The full text of a position document presented by Sinn Fein to the Haass Talks on Flags and Emblems, Parades, and Dealing with the Past, which was published today.
Historically the political use of flags, symbols and emblems has been contested within our divided society since the genesis of partition. The old Stormont regime heavily regulated the public display of flags by citizens, prohibiting the flying of the Irish Tricolour, while making it a criminal offence to take down a Union flag anywhere other than your own property.
This legislation was repealed in 1987, as it was incompatible with Articles 10 and 14 of the European Convention on Human Rights (ECHR) in respect of freedom of expression without discrimination.
In 1998, both the Good Friday Agreement (GFA) and the Human Rights Act (HRA) guaranteed the incorporation of the ECHR into domestic law.
The GFA provide for an ‘Equality of Treatment’ duty on public authorities. This statutory duty was explicitly singled out in the agreement to be enshrined with the Bill of Rights.
‘The formulating of a general obligation on government and public bodies, fully to respect on the basis of equality of treatment, the identity and ethos of both communities’.
Subsequently, the Human Rights Commission (HRC), tasked with the formulation of the bill, recommended in its 2008 advice to the government:
‘Public authorities must fully respect, on the basis of equality of treatment, the identity and ethos of both main communities in NI. No one relying on this provision may do so in a manner inconsistent with the rights and freedoms of others’.
The British Government has still not introduced a Bill of Rights. This void has contributed in no small measure to the malaise we are currently in, surrounding these issues.
In the context of a divided society, public authorities cannot and should not reflect the national identity of just one side of the community. In respect of this Sinn Fe\0x0301in has proposed a policy of ‘equality or neutrality’. This can translate into both national flags on display or no flags at all to be flown. What is required is a manifestation of mutual respect for both identities, British and Irish.
Apart from public buildings, the use of flags, symbols and emblems are also a contentious issue in public places. Apart from unenforced planning laws, no form of state regulation exists.
Some may question the need or purpose of flying flags at all, within our divided society. Such displays can generate a sense of fear and division by marking our territory. This is clearly at odds with the wishes of the majority of the population to develop a peaceful, progressive and shared future. However, we must deal with the current reality, and the essential need to find a way of ‘regulating’ the display of flags and emblems.
There does exist however a ‘flags’ protocol in which the PSNI is the lead agency. This has never been implemented in any significant measure. In essence it is a totally ineffective mechanism for dealing with displays in public spaces. It was introduced in 2005 with a remit to provide the means with which to remove all flags from arterial routes and town centres. It also included a number of specific objectives:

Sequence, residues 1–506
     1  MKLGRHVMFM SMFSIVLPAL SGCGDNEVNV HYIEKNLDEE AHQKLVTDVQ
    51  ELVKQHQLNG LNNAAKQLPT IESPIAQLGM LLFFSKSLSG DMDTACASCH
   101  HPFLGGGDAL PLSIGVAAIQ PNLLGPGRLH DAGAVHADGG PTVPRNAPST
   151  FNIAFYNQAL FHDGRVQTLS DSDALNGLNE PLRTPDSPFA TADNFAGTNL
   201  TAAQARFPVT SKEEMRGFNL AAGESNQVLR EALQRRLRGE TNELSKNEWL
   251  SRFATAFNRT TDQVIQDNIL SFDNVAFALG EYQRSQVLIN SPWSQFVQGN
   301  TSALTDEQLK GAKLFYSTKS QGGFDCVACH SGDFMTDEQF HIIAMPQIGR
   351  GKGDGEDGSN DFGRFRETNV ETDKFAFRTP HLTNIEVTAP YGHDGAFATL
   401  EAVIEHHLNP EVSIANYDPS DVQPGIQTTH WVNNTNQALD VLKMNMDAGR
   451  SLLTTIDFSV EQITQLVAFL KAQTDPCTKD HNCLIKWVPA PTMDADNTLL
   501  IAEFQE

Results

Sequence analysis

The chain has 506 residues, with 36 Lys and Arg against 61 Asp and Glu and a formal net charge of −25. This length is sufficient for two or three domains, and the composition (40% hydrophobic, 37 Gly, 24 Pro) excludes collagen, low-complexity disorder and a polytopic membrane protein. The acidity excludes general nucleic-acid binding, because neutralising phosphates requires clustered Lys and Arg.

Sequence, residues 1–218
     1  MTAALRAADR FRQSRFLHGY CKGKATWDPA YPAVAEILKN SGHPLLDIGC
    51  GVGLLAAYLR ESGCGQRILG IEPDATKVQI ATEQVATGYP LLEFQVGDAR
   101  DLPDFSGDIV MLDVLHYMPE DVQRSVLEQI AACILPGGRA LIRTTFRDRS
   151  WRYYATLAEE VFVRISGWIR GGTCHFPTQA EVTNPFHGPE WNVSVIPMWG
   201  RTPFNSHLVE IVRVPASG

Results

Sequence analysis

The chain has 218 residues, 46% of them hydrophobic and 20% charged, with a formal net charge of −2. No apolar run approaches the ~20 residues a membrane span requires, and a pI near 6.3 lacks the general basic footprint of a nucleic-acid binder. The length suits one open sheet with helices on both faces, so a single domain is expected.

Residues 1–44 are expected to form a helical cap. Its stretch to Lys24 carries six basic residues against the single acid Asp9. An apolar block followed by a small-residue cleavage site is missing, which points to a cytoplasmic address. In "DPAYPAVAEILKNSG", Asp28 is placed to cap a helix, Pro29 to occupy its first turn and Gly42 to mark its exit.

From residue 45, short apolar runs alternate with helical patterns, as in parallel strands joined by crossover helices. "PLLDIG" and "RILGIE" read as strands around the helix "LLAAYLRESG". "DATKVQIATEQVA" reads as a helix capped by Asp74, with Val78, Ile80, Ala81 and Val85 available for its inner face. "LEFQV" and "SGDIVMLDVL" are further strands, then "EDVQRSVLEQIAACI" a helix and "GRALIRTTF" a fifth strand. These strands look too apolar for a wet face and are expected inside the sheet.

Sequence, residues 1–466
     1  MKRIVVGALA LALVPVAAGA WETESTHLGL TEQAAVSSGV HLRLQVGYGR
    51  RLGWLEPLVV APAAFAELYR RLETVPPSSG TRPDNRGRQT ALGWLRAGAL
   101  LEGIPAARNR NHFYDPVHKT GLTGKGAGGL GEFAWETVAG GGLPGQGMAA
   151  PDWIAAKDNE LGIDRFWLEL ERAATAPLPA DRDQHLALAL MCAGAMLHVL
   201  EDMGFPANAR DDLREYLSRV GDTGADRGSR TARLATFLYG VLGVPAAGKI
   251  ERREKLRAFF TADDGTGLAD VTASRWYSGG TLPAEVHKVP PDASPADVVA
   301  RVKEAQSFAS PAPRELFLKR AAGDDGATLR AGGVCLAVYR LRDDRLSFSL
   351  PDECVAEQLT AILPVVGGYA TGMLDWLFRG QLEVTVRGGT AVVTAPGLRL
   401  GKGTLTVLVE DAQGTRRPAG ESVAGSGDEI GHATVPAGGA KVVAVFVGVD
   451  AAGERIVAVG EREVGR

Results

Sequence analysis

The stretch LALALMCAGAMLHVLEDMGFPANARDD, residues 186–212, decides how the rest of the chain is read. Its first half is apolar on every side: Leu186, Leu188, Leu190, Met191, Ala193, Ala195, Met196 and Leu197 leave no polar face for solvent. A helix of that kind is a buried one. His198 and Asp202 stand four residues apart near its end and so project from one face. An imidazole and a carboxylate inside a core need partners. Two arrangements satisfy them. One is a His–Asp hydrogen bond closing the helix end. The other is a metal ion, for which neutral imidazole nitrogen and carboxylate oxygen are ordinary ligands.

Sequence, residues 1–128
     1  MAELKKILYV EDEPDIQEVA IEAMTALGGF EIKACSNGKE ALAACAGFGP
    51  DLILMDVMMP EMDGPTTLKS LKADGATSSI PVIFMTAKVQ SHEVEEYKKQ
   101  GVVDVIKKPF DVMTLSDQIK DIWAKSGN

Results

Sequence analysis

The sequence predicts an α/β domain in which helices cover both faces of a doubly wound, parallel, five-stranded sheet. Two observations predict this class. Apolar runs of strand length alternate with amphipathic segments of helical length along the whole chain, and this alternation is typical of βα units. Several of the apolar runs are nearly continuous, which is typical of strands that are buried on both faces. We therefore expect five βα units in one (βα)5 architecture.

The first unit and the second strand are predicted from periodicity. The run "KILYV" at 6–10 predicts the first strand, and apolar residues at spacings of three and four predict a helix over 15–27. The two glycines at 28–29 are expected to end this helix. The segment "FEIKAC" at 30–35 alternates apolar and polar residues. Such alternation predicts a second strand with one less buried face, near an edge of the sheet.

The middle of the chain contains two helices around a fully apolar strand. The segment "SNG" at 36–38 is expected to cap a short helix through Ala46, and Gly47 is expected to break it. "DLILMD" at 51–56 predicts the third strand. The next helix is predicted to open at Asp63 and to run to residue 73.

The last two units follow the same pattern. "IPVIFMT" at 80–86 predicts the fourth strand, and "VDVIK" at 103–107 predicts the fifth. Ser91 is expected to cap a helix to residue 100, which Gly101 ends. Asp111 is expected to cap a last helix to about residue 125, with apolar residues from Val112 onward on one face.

While the protocol has not delivered, its objectives require further consideration, especially in the context of any attempt to build a statutory and/or consensual approach for them.
We need to respect the right of all citizens to celebrate one’s culture and identity in an acceptable manner, while recognising and respecting the perceptions of those who may view such displays as overtly sectarian, intimidating and indeed threatening in nature. Failure to do so, perpetuates division and instability.
Sinn Fein is committed to proactively work with the Republican/Nationalist community to develop agreed protocols around flags, symbols and emblems with our Unionist/Loyalist neighbours.
This could be dealt with through observing the following measures which should be underpinned in legislation.
1. No flags or emblems to be displayed on key arterial routes (to be defined) and town centres.
2. No paramilitary flags, displaying symbols or names, and regimental military flags (e.g. Parachute Regiment) on display in public places
3. No flags/emblems to be displayed in the vicinity of:
a. Places of worship b. Schools c. Hospitals or any publicly funded buildings d. Or within, or adjacent to, shared/mixed/new housing developments e. Interface boundaries
4. Flags/emblems/symbols that are tattered, torn, discoloured or in general disrepair, confer a lack of respect and should be removed.
5. Flag protocols could be developed in local or between neighbouring areas: Agreement could be reached on the following principles:
6. Any actions under these protocols must be necessary, proportionate and in line with the ECHR.
The development of a consensus around these protocols over time is desireable in addressing this contentious and highly divisive issue.
This would also contribute, in no small way, to a reduction in tension and frustration that this issue has generated, for all political perspectives, especially over this past ten months. Moreover, it would help create the conditions for promoting reconciliation, and help build a shared future, on the foundation stones of equality, parity of esteem, tolerance and respect for all.